Whisky seems to be popping up in the most weird and wonderful of places at the moment. From the odd, unusual bottle in the local corner shop, to pubs now hosting vast arrays of bottles for you to choose from when out drinking, this is always a good indication of the growth in awareness of a product.

It has always been the domain of the malt drinker to seek out bottles which are interesting and unique. I was recently in a liquor shop in a particular part of North London which is home to a large Jewish community. The shop is a treasure trove of unusual whisky, a large portion of it kosher, making the whisky accessible for the local community. This included brands I have never seen before as well as certain expressions of existing bottles, tweaked to meet the needs of the consumer, such as the Glenrothes Alba Reserve.

It is the fleet-of-foot ability of some whisky brands to produce bottles for specific markets or specific customers such as this, which can give them not only an additional competitive advantage, but also a whole new support base of drinkers who will become advocates of the brand.

But finding some of these exotic expressions can be a real chore. Stumbling across things in a shop miles from where you live, is one way, magazines, auction sites and the internet is another way. It’s a little like finding new music you love. I have a list of people who I trust to supply me with top tips. Being an ex-A&R guy, this list includes top music managers and executives, artists themselves, music journalists, close friends and the radio.

Just this morning, I found myself engaged in some spring cleaning around my house and needed a soundtrack to turn to. I wasn’t keen on music I already knew, so Spotify was closed and I threw on, at random, the Don Lett’s show on BBC Radio 6 Music.

For our international readership out there, BBC 6 Music is the station you ‘retire to’ when you no longer want to listen to the latest chart hits by Lady Z or Jay Gaga (or is it Jay Z and Lady Gaga?) and when you’re not quite ready for talk radio about politics. In my house, BBC 6 Music is often known as BBC Smiths Music, due to the frequency of Morrisey-related songs on their playlist.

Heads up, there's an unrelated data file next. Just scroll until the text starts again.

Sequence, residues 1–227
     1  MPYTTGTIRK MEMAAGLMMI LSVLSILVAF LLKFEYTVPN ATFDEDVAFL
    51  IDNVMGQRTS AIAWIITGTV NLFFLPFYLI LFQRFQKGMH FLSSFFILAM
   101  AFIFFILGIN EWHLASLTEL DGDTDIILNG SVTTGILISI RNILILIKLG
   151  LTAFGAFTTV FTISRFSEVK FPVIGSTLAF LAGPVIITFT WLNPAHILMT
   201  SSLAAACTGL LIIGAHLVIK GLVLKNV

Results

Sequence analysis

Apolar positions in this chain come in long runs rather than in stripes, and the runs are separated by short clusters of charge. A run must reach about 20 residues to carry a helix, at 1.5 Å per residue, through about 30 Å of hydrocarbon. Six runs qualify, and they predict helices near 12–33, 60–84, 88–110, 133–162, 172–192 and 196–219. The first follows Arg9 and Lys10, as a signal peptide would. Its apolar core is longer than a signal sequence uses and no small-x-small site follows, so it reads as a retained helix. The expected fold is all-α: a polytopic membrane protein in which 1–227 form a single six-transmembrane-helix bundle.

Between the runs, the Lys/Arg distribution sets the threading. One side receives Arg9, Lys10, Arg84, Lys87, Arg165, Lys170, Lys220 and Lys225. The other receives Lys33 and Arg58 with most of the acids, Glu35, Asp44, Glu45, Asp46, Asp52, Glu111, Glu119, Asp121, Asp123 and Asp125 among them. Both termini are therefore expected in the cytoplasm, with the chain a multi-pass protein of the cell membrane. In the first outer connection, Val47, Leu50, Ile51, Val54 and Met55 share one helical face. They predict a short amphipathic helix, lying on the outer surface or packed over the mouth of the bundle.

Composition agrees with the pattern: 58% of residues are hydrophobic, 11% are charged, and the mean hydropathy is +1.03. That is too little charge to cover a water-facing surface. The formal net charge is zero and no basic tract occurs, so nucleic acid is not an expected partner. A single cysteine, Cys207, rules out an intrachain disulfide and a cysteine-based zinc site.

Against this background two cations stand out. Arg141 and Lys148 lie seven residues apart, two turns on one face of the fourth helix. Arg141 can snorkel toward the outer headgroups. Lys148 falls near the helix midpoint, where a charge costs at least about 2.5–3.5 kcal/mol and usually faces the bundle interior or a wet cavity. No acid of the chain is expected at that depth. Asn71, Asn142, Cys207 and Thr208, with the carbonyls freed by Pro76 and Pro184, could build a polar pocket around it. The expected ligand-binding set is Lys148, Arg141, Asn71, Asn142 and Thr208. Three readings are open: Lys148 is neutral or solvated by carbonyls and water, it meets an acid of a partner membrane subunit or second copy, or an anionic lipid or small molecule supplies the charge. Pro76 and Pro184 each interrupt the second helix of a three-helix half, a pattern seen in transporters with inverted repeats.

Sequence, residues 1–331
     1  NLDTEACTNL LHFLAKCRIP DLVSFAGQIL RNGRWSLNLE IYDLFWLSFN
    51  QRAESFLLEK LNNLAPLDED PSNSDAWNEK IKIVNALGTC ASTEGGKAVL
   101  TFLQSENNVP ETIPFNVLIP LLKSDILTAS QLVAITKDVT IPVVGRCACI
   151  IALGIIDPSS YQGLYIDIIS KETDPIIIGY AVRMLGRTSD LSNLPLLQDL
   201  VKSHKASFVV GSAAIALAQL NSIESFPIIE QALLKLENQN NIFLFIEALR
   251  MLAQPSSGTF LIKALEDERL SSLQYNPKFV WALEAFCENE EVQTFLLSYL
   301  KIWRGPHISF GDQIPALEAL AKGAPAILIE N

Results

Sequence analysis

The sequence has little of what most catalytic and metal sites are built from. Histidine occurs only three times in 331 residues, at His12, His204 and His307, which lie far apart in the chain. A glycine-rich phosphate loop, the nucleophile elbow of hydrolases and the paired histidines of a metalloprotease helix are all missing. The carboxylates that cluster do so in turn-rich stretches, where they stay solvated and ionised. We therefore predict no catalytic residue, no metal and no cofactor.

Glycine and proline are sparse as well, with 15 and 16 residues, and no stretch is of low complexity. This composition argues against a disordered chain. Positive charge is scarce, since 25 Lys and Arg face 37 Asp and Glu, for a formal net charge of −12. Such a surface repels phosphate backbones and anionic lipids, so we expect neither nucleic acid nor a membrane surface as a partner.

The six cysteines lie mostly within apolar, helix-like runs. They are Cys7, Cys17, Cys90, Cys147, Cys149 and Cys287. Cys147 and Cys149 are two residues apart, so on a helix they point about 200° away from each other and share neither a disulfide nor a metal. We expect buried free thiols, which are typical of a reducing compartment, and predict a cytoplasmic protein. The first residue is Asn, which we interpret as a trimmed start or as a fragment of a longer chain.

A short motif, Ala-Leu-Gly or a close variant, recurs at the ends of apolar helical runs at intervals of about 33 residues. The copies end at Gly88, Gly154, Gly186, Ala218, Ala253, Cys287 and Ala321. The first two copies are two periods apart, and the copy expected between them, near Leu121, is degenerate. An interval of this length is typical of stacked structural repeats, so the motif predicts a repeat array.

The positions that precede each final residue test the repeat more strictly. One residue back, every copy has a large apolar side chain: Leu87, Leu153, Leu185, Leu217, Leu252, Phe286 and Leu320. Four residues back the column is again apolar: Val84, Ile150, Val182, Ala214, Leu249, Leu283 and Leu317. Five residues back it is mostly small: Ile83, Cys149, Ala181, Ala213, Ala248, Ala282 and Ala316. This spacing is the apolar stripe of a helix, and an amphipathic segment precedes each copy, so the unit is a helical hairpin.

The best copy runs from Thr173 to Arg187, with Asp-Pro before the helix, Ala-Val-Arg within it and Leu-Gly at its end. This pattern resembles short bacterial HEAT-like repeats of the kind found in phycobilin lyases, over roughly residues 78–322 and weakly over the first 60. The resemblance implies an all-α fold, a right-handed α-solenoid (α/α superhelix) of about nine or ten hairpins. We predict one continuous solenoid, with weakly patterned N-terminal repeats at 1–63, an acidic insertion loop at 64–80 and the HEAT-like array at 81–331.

However, the advantage of the shows such as Letts and that of Craig Charles’ Funk & Soul Show is the fantastic mix of old music you’ve maybe never heard before and new tunes which aren’t quite of the sugary nature to make mainstream pop-radio.

Today alone, I discovered fantastic old tunes from acts such as Unit 4+2 and The Beat and brand new tracks from Austrailian band Last Dinosaurs and the absolutely awesome and brilliantly named Thao & The Get Down StayDown. If it hadn’t been for a bit of random website searching and radio listening, I wouldn’t have come across such a wonderfully aural experience. You can check it out for yourself right here:

One whisky which I can genuinely pinpoint as a real accidental discovery is the single cask Laphroaig which is produced exclusively for Highgrove House, the country estate of Prince Charles.

Basically, it seems, single cask versions of the Quarter Cask, these bottles come not only in the most amazing presentation boxes but, for something which is an official release of only around 250 bottles a time, it carries a price tag which is quite frankly madness: £59.95 (or an extra tenner for the massive presentation box).

A minimum age of 12 years old, this whisky doesn’t just provide exceptional value for the fact it is an official single cask bottling presented in a regal manner, but also for the fact that the whisky is bloody good. In fact, I’d go as far as to say that this is the best value official limited edition Laphroig on the market. And you can even pick them up at auction for only around £70 - £110. Even more madness.

But maybe this crown has now been stolen? Recently Laphroaig and Highgrove extended their relationship beyond the single cask, limited editions, to a more standard release. Bottled at 48% abv, this ‘ongoing’ release is just £35 a pop. What possible reason could I have not to order one and try it out? So I did...

Laphroaig – Highgrove Single Malt Scotch Whisky – NAS - 48% abv

Nose:  The classic Laphroaig nose of peat smoke, lemons and chamois leather. There is more than a close lineage with some of these good, youngish Laphroaigs and some of the better end of the Port Ellen release, I think. This release has some spiced red apple in it as well as a big hit of vanilla custard and a hint of poached pear.

Palate:  The palate does not disappoint from the nose, giving a full flavour of peat smoke, green apple this time but with the spices and vanillas as prominent as they are on the nose. Giving it some time, the peat really burns strongly across the mouth, but the wood influence gives some green veg depth which balances very nicely with the earlier sweet vanillas.

Finish: Well, more smoke, which isn’t a surprise at all. Behind it is hidden some more juice, freshly steamed veg and some Chinese herbs and spices. Strong green tea.

Overall: A delicious whisky, especially for the money. This is will make a fantastic gift for someone, but doesn’t quite hit the heights of the single cask editions from the same source.